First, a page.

on a day like today, i remember that i was made

not for perfection, though i quest for it
and not for goodness, however good

not for greatness, because i am pathetic
and not for beauty, because it is forgotten.

i was made for love.

not love, like what i might feel
for something i desire

but rather love, the knowing
that makes me alive

with the brilliance of every first moment
and the longing at every last time.

other men will seek you for their reasons
but i was meant for this,

the kneeling in the dark, a child’s word
to God’s listening ear

when i make the vow that is nothing
more than a simple fact:

that i will never love anything
the way that i love you.

12.03.13

the oddities of aging

Posted in Uncategorized at 6:24 pm by Administrator

sometimes it surprises me how unprepared i am for the signs of my own aging. it’s not like aging ought to be an unfamiliar experience for us. we are all getting older, and all of us will eventually die. yet, no one has really tried to teach me what it will be like to age, and perhaps it’s because they don’t feel that they can (or should). it’s certainly possible that people age in manners so unique that it’s impossible to generalize on the broader experience of growing old. but i do wonder if there aren’t strong commonalities to the experience—strong enough to be generally anticipated.

first, there’s the matter of basic needs, like food and sex. i won’t say much about the latter, except that my drive, intense as it occasionally is (and possibly as it intense as it ever was) is certainly less consistent. i think it is a biological change, as my instinct to repress is neither stronger nor weaker than it was in my more virile years. i can describe my attitude toward food in nearly analogous terms. i still get hungry, and on rare occasion i am ravenous enough to fantasize about food. but more often than not nowadays, i experience hunger (even powerful hunger) as a functional thing. and i view food with greater particularity now, as much for the terrible consequences of a heavy meal as for the joys of a tasty one. i want to avoid feeling sick after a meal, and that aversion is generally about as powerful as my wish to satisfy my cravings. i am occasionally content to eat a small and bland meal, simply to avoid the increasingly pronounced after-effects of gluttony.

my body is more acutely attuned to rhythms now. if i stay up late, it seems to throw off my circadian rhythm for days; seemingly small deviations in my lifestyle strongly impair the quality of my sleep and my ability to maintain energy throughout the day. if i don’t exercise hard for more than a few days, or if i’m mentally overactive for too long of a period, i feel it pervasively. and with regard to various kinds of exercise, i have to be discriminating; i suffer for days if i test a muscle i don’t ordinarily stress, and my whole body stiffens in response to unusual pains. all of these factors have compelled me to attend more and more to rituals of self-care: my daily morning run, my evening meditations, and my early bedtimes.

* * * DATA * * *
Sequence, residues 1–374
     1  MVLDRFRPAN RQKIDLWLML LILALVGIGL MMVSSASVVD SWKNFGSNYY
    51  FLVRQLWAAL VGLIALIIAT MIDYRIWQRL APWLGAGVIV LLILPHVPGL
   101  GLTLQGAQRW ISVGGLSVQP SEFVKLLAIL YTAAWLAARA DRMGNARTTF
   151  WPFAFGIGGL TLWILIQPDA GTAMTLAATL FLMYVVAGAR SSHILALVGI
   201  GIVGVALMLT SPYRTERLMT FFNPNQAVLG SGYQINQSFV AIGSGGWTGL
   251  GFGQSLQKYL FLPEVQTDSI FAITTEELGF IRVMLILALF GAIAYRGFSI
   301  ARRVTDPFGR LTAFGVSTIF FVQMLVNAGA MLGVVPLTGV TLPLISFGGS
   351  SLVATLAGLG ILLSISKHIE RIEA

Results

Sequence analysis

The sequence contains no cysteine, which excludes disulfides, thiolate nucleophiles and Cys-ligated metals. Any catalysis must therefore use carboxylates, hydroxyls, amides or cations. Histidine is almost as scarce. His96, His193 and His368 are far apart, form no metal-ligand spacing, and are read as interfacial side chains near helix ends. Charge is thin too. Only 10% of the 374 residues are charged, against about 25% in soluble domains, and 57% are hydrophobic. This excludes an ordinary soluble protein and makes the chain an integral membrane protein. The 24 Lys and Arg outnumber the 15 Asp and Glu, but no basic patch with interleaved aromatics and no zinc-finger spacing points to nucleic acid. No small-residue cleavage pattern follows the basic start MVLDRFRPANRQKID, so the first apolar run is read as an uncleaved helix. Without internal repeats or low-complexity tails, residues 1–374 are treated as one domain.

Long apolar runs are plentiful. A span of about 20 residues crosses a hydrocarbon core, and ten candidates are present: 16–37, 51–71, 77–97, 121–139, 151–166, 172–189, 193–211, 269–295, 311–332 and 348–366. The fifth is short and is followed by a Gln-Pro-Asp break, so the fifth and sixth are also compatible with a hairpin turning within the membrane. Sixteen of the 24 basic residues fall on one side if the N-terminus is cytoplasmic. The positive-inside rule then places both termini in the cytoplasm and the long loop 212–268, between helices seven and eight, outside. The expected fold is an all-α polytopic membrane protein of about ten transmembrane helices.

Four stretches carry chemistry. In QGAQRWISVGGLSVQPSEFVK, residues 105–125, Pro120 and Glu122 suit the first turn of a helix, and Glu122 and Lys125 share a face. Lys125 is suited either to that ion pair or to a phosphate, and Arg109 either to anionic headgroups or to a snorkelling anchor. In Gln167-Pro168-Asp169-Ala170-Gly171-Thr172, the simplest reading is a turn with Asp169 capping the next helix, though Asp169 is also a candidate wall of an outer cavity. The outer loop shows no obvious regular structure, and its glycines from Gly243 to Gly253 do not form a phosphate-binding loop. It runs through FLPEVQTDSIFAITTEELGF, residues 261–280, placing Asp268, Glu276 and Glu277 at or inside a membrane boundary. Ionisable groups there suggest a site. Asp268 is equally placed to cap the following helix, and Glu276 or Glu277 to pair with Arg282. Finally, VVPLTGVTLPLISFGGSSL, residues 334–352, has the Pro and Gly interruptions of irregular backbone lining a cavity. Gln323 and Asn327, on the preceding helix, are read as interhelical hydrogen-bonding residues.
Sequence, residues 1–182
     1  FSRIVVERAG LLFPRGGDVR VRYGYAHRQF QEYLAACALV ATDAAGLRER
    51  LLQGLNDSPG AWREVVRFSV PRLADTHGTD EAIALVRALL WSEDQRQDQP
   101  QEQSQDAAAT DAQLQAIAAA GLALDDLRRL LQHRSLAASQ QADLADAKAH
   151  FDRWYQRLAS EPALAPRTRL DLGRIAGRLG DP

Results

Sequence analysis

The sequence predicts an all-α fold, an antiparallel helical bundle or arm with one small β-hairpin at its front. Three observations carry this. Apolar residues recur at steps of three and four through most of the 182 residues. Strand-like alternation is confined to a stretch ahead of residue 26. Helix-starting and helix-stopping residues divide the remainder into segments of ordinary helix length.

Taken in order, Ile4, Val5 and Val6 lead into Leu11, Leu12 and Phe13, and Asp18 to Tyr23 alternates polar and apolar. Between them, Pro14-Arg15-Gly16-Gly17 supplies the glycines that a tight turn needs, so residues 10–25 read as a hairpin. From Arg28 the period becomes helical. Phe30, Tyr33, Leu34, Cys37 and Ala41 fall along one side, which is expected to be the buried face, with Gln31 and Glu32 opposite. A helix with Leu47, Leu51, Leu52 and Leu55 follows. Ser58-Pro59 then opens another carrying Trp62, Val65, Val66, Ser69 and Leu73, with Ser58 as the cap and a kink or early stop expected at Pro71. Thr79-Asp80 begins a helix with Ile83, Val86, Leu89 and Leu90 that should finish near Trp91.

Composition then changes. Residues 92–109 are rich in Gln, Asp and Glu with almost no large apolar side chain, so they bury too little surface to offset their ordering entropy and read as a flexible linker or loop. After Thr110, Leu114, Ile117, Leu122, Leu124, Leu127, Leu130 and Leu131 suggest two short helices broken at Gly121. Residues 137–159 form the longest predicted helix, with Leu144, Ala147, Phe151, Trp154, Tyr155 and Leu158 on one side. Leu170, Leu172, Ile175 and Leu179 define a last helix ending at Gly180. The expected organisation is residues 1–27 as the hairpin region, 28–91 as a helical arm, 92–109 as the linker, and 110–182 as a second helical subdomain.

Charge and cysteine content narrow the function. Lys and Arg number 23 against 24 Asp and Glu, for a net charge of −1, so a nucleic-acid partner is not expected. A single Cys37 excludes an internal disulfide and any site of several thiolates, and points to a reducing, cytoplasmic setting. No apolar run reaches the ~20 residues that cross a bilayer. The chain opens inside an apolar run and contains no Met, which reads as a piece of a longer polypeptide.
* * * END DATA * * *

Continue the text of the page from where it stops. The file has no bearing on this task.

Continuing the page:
i used to love watching movies in theaters, for their ability to overwhelm my senses with darkness, sound, and visual stimulation. now i try to avoid late-night shows, because the stimulation makes it hard for me to sleep. i like my art and entertainment in discrete doses; i like to gradually build up to the experience, and i need to wind down from it. the same goes with alcohol. even five or six years ago, i could take down a bottle of wine in one sitting, more or less without consequences. but now i find myself drinking moderately and with discipline, not because i fear the hangover but rather because it interferes with life’s main pleasure—deep, restorative sleep. mental clarity used to be an occasional necessity to me, in my youth. now it is a luxury that i must secure through disciplined living.

pain is a now a regularly recurring feature of my life, and i try to avoid it all costs. when i was younger, i enjoyed the occasional reckless overexertion, the testing of my limits. i don’t enjoy those adventures any longer. prolonged travel, for example, used to be interesting to me, but now it is often inordinately taxing. i still enjoy stimulating and unfamiliar destinations; and i know few people who enjoy getting lost in strange places more than i do. but getting there and getting back is tough for me, if not prohibitively so. the logistic processes are something i have to consider with great attention with regard to any project or activity i engage in.

death too is something that has changed greatly for me. i used to fear death for its unpredictability and its finality. i still fear death nowadays; and in fact i wonder if i do not fear death more than ever before. but as i age, i fear death more for its repercussions on others. there isn’t much more i can say about that. death is less ominous to me than it once was, and yet it inspires no less fear. i am overwhelmingly afraid to die, not because it will be the end of my life, but rather because it will be painful.